Today, young Jewish anti-Zionists tend to glorify the General Jewish Labor Bund, the predominant anti-Zionist — or arguably non-Zionist — Jewish group in pre-World War II Europe. The Bund was officially disbanded in the 1920s, as the Soviet Union cracked down on its Jewish population, but its legacy continued through the International Jewish Labor Bund. After the Holocaust, Bundists in Displaced Persons camps advocated for Jewish refugee migration to Palestine. However, the Bund opposed partition, advocating for a binational state instead (something that the Arab leadership of Palestine itself rejected multiple times between 1939 and 1947). 

A minority of ultra-Orthodox sects continue to reject a Jewish state before the coming of the messiah. However, one extremely fringe group, the Neturei Karta, seems to always steal the spotlight. The Neturei Karta are not just religious anti-Zionists but vicious antisemites who have closely allied themselves with the murderous Islamic Republic of Iran, blame Zionists for the Holocaust, and more, so much so that another religious anti-Zionist sect, the Satmar, issued a cherem (“censure,” similar to excommunication) against them. 

Of course, today, there are a number of anti-Zionist left wing Jewish groups, such as Jewish Voice for Peace and IfNotNow. I’ve talked about both those groups at length in other posts. Polls consistently show that between 80-97% of Jews are Zionists. 



Recently some people expressed shock that “pro-Palestine” influencer Sneako and journalist Sulaiman Ahmed met with white supremacists Nick Fuentes, Jake Shields, and former KKK Grand Wizard David Duke. To me, this is entirely unsurprising. People who openly hate Jews will naturally have unfavorable views of a Jewish state. It’s not shocking that they would find common ground with allegedly non-antisemitic anti-Zionists.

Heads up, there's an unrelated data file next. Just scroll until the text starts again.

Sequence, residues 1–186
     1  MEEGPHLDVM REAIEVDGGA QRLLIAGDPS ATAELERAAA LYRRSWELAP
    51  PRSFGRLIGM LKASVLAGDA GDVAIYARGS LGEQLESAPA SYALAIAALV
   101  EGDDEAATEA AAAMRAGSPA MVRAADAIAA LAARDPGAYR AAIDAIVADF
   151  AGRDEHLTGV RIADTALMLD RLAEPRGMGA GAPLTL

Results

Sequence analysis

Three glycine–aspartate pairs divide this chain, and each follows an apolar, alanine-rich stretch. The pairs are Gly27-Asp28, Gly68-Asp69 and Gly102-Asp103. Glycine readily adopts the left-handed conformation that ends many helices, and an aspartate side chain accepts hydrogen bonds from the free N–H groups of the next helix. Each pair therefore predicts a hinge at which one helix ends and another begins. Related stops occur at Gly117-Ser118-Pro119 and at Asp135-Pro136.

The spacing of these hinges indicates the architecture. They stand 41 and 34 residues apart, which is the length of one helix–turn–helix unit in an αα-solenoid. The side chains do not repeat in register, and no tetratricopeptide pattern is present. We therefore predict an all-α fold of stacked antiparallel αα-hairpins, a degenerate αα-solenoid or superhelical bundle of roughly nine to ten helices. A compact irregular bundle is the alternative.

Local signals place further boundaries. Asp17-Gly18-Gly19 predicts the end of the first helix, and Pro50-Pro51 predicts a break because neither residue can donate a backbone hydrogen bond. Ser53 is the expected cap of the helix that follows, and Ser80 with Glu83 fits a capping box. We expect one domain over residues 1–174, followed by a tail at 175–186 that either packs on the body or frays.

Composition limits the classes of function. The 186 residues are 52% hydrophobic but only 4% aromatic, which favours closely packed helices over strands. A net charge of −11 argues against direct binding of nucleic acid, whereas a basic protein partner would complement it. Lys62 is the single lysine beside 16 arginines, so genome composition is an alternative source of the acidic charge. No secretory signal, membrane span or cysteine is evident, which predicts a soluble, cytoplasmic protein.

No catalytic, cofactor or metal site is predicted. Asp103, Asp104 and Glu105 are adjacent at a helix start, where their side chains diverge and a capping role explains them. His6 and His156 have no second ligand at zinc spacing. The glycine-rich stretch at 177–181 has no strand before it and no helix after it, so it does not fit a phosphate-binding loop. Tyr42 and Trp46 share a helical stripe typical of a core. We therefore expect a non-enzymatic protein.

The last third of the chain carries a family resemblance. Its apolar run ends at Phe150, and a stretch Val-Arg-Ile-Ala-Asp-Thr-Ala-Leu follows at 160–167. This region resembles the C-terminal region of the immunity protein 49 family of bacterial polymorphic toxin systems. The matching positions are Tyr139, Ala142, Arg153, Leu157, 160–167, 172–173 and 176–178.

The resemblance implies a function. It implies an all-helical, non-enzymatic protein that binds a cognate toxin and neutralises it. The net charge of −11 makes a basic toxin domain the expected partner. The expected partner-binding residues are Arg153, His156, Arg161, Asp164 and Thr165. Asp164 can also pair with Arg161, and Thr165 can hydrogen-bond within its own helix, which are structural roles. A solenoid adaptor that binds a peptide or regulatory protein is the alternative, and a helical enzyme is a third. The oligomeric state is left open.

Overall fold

Islamist-Nazi collaboration dates back to the 1930s, when the Nazis helped fund the Muslim Brotherhood. Similarly, the alliance between the Nazis and the father of Palestinian nationalism, Haj Amin al-Husseini, is well-documented. Al-Husseini spent World War II in Berlin working as a Nazi propagandist, visited the concentration camps as the Holocaust was unfolding, and met with both Hitler and Mussolini. 

During the 1948 Arab-Israeli War, both Palestinian Arab paramilitaries — the Army of the Holy War and the Arab Liberation Army — were trained by former German Nazis. The Nazis even formed their own legion, Black International, to fight alongside the Palestinian Arabs against the Zionists. Fawzi al-Qawugji, the leader of the Arab Liberation Army, had severed in the Nazi forces himself. 

In the 1950s, the Soviets, who loudly proclaimed themselves “anti-Zionists,” exported Nazi propaganda films to the Arab world to “inflame” anti-Israel sentiment. These were films that had been produced by the Nazis in Germany during the Nazi regime. 

Wolfgang Abramowski and Willi Pohl, two German neo-Nazis, helped the Palestinian terrorist “anti-Zionist” group Black September plan the 1972 Munich Massacre. They provided weapons, forged passports and other documents, and drove the terrorists around as they planned their attack.